Learning Lincoln On-line
Topic Sixty-three: Antebellum Slavery in South
"Master used to say that if we didn't suit him he would put us in
his pocket quick -- meaning that he would sell us,"
For the 3.9 million African American slaves counted in the census of 1860, life was brutal. Each day promised ceaseless toil, threats or punishment, and the looming, nightmarish possibility of being sold away from beloved family members and friends. Even those slaves who accepted their situation without complaint, who had kind owners, or who were given lighter work duties suffered from the absence of self-determination, the possibility of freely choosing the course of their own lives.
Coffles of slaves traveled across the South, headed to market, with the men or the more resistant chained together in pairs or bound with ropes. In the marketplace, slaves endured assessments of their physical capabilities and their psychological makeup as traders and buyers haggled over prices. Mississippi River slave trader John White recorded many of his transactions in the New Orleans slave market.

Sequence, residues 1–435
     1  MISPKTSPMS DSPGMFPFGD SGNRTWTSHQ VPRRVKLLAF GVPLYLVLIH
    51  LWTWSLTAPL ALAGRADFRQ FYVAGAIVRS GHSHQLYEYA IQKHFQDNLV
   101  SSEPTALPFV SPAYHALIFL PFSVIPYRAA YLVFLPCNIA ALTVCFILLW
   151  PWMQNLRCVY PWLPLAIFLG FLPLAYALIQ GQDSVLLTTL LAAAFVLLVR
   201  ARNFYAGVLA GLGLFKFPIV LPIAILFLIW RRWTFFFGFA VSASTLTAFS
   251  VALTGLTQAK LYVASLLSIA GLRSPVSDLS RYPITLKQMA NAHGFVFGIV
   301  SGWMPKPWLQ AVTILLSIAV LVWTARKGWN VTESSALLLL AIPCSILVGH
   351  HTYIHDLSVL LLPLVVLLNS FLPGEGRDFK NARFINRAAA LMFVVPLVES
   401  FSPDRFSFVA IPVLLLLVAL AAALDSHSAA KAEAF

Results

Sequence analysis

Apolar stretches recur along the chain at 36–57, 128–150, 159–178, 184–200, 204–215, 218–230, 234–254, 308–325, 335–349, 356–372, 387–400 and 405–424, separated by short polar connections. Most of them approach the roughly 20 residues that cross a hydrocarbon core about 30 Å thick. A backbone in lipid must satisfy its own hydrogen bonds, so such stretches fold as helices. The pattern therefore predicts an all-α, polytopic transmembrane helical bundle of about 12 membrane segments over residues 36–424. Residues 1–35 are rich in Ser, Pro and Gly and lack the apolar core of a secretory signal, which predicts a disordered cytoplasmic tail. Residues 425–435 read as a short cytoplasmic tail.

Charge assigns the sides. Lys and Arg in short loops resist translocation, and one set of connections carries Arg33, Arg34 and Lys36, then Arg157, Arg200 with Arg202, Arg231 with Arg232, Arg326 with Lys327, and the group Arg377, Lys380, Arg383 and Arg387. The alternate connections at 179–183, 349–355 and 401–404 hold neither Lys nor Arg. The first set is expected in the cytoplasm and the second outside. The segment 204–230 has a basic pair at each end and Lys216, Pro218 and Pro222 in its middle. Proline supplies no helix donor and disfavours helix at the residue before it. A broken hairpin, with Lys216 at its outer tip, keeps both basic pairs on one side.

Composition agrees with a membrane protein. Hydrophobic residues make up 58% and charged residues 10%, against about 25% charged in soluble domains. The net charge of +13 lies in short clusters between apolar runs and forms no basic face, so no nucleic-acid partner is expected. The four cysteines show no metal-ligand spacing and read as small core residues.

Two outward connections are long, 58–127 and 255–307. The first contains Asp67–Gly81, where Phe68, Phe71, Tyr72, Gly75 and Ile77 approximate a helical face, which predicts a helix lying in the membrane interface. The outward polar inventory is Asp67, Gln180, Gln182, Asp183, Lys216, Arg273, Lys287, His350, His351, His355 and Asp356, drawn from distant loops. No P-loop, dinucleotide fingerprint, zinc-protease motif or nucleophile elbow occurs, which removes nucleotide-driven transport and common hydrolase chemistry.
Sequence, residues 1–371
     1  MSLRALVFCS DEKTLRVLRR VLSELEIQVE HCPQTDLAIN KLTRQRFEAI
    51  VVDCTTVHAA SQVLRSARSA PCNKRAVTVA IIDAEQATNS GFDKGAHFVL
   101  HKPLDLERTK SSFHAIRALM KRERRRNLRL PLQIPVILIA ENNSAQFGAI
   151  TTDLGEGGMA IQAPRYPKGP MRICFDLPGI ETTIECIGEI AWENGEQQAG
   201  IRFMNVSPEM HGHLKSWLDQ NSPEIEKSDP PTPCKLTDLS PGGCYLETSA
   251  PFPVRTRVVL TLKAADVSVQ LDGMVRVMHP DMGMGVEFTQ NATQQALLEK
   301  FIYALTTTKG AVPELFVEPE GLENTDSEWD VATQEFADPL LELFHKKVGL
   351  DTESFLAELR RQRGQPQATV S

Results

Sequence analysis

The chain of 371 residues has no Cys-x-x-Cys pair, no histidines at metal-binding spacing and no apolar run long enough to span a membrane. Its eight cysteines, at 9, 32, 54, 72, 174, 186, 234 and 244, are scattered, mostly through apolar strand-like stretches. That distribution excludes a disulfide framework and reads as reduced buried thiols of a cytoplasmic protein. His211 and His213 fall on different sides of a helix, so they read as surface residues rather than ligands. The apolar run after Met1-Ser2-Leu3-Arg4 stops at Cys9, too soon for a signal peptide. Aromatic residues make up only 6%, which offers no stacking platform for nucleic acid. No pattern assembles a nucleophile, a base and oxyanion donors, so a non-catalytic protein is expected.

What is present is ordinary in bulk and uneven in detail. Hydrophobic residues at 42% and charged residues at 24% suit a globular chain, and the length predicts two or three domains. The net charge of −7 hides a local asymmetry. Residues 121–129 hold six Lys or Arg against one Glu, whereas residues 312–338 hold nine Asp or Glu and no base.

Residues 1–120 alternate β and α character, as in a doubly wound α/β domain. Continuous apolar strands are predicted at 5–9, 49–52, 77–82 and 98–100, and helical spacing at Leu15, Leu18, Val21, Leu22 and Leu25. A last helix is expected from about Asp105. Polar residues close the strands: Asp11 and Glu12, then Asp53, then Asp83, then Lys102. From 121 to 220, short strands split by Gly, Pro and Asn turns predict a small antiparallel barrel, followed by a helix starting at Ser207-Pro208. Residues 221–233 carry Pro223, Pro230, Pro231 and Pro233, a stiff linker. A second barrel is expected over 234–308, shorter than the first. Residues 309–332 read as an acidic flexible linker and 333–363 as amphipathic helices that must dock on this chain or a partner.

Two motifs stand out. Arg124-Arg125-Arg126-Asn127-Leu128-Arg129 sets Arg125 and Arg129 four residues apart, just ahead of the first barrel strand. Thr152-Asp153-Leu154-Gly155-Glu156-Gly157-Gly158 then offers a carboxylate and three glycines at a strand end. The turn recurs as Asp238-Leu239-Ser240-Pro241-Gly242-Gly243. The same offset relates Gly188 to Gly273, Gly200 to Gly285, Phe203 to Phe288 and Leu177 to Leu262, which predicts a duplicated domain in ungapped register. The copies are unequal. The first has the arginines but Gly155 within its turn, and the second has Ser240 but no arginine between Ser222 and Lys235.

Though the importation of slaves to the United States was banned starting in 1808, the nation's slave population grew at an average of 27 percent per decade after 1810, as children were born into slavery. During the 1850s, the vast majority of slaves worked in agriculture, growing cotton, or, to a lesser extent, tobacco, sugar, rice, or hemp.
In the slave owning states, which had a population of slightly more than eight million white people in 1860, nearly 400,000 people owned slaves. Counted together with their families, slave owners totaled about a quarter of the South's white population.
SLAVERY HISTORICAL RESOURCES
PT. TWO---LINCOLN AND SLAVERY ACTIVITIES